Stand With Children in Street Situations Around the World
Between April 6th and 12th, organisations around the world will be recognising International Day for Street Children: a special day acknowledging the strength and resilience of millions of street children around the world. The pandemic has highlighted how street-connected children are too often excluded from accessing essential services such as healthcare, education, and access to justice.
International Day for Street Children has been celebrated globally since 2012, to recognise the humanity, dignity and defiance of street children in the face of unimaginable hardships. We want to rally governments and individuals worldwide to work together to ensure their rights are protected no matter who they are and where they live, even more so in the COVID-19 pandemic.
There are millions of children in the world whose lives are inextricably connected with public spaces: streets, buildings, and shopping centers, etc. Some of these children will live on the streets, sleeping in parks, doorways or bus shelters. Others may have homes to go back to, but they rely on the streets for survival and sustenance. They may be referred to as ‘street children’, ‘street-connected children’, ‘homeless children’ or ‘homeless youth’. Also – at times – they may be described in more negative terms such as ‘beggars’, ‘juvenile delinquents’ and ‘thieves’. Labels that judge a child in this way disguise the fact that these vulnerable children are owed the care, protection, and above all, respect due to all children.
“When children are not cared for we – governments and individuals – have all let them down. It is extraordinary that street children have been left so far behind for so long. Extraordinary – and indefensible. It is as if they are invisible to the conscience of the world.” The Rt Hon Sir John Major KG CH.
This is why, every year on 12th April we celebrate the lives of street children and highlight the efforts to have their rights respected and their needs met in a caring and respectful manner. After the success of celebrating the lead up to the week last year, as members of the CSC Network, SASCU will hold the campaign from 6-12th April this year.
IDSC 2021 – Access to Essential Services
The 4 Steps to Equality is based on the UN General Comment on Children in Street Situations, breaking it into four actionable steps:
Commit to Equality
Protect Every Child
Provide Access to Services
Create Specialised Solutions
In 2021, we concentrate on Step 3: Provide Access to Services. We call on Governments to take action so that street children can access the services they need to reach their full potential.
Stand Together With us to Make Access for Street Children a Reality.
Our theme for the 2021 campaign is Access to Essential Services – an issue that has become even more pressing during the COVID-19 pandemic as street-connected children and homeless youth around the world struggle to access services that they are routinely denied. For many, drop-in centres and mobile clinics that they relied on are closing down, they cannot access emergency services such as food parcels as they are not registered, and for those who have homes that they can return to, it may mean returning to an unsafe environment where they are subjected to violence and abuse.Not only are children in street situations among the most vulnerable children on the planet – deprived of access to basic services like education and healthcare and disproportionately targeted by violence – but they are now even more at risk of being excluded as the world begins to navigate a recovery from the pandemic.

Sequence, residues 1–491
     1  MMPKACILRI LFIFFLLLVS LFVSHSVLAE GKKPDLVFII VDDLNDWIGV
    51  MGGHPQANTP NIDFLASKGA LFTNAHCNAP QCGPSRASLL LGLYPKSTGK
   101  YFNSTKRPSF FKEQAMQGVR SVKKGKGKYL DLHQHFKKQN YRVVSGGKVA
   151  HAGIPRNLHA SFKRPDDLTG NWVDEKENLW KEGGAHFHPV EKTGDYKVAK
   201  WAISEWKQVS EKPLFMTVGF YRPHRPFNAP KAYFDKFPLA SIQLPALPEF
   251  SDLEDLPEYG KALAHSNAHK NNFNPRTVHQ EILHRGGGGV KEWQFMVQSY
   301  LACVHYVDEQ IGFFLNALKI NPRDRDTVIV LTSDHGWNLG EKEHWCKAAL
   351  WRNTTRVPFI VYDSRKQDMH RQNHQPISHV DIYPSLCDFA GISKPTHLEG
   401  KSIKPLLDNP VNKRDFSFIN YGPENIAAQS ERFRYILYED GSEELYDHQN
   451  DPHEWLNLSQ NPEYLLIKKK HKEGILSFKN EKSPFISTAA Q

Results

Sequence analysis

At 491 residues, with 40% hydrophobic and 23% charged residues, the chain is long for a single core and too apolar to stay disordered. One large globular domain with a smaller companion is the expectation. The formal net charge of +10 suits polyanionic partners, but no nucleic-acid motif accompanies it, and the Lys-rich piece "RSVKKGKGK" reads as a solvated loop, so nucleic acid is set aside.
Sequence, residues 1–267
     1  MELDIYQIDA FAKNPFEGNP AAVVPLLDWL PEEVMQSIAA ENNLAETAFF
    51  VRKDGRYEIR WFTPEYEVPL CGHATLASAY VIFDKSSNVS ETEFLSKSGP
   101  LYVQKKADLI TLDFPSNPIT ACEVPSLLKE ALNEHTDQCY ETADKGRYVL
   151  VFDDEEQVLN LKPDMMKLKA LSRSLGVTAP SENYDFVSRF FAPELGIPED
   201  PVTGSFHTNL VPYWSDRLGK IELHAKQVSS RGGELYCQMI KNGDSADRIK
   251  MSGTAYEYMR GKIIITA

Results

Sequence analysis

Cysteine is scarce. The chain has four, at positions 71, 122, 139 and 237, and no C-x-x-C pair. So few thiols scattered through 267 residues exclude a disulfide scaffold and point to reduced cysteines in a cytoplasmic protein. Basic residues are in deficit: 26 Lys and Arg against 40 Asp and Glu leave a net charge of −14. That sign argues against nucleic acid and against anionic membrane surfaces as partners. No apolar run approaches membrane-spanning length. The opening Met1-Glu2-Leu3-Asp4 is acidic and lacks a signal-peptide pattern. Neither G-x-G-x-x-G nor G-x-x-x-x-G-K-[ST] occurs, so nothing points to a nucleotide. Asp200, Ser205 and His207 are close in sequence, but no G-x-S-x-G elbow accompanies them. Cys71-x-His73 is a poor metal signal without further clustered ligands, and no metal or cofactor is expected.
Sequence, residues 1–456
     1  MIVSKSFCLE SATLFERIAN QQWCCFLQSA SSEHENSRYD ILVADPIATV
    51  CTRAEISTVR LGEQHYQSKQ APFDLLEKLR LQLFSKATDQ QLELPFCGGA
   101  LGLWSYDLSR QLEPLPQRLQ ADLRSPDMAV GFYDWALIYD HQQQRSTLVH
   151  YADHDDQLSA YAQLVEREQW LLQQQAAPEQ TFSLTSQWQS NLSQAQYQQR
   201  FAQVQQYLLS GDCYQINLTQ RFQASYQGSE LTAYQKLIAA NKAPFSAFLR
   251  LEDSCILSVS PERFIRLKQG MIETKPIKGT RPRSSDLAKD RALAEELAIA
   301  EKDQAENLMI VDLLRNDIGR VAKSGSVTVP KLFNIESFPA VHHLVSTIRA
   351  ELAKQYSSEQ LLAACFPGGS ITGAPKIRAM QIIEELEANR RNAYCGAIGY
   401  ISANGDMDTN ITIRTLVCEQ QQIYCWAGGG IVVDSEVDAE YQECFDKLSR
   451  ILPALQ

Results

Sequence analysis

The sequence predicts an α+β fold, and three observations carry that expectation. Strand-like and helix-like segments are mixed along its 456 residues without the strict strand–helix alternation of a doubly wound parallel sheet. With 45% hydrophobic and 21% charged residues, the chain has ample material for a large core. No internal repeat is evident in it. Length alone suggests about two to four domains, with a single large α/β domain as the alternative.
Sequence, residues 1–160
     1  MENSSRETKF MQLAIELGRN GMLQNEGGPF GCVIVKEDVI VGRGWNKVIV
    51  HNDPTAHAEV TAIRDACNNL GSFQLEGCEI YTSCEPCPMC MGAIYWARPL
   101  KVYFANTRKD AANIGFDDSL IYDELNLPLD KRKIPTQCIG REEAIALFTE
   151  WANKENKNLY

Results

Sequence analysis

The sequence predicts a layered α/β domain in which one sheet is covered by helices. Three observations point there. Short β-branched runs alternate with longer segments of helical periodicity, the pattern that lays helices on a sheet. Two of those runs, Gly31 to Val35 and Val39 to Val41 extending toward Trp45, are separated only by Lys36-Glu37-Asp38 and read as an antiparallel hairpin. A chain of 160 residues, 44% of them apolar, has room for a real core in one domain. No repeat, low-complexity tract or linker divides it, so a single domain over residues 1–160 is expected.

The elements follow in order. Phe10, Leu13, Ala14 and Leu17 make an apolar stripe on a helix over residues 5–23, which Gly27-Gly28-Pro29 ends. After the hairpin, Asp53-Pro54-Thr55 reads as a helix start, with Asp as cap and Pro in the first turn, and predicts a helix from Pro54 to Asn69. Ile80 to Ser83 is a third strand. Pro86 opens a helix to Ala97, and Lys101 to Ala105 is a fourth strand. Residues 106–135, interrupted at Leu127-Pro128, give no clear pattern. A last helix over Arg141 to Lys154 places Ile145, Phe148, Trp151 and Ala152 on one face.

Ask your government to ensure street children can access essential services
Governments must ensure that street-connected children can access essential services, including education, child protection and healthcare during the pandemic when access is already restricted.Governments must include them in schemes and emergency funding that have been put in place in their country, including specific provisions for street children such as hand washing stations and food outreach programmes. Governments must also allow social workers to continue street outreach work during restrictions to make sure that children are able to access vital support and information from a trusted adult.Governments must prioritise investment in access to essential services for street children as they navigate recovery from the pandemic.Governments must provide information and advice that is easy to access and understand for street-connected children and homeless youth, including those with limited or no ability to read.
Children in Street Situations Have Rights
Just like all children, street children have rights enshrined in The Child Rights Convention, which has near universal ratification and support. In 2017, the United Nations have specifically acknowledged these children’s rights in a document called the General Comment (No.21) on Children in Street Situations.
On the International Day for Children in Street Situations (CSS), Civil Society Organisations submitted a joint statement titled “Enhancing Access to Essential Services for Children in Street Situations in Uganda” and a letter to Government through the Permanent secretary, Ministry of Gender, Labor and Social Development.
To reduce the prevalence and predicament of CSS there is need to holistically address pull and push factors, through;
The Prioritisation of Registration of CSS by ensuring obstacles hindering access to identification & other essential documents are removed to enhance access to services; and
The prioritization of Child Friendly Protection rather than punishment of CSS. Read more here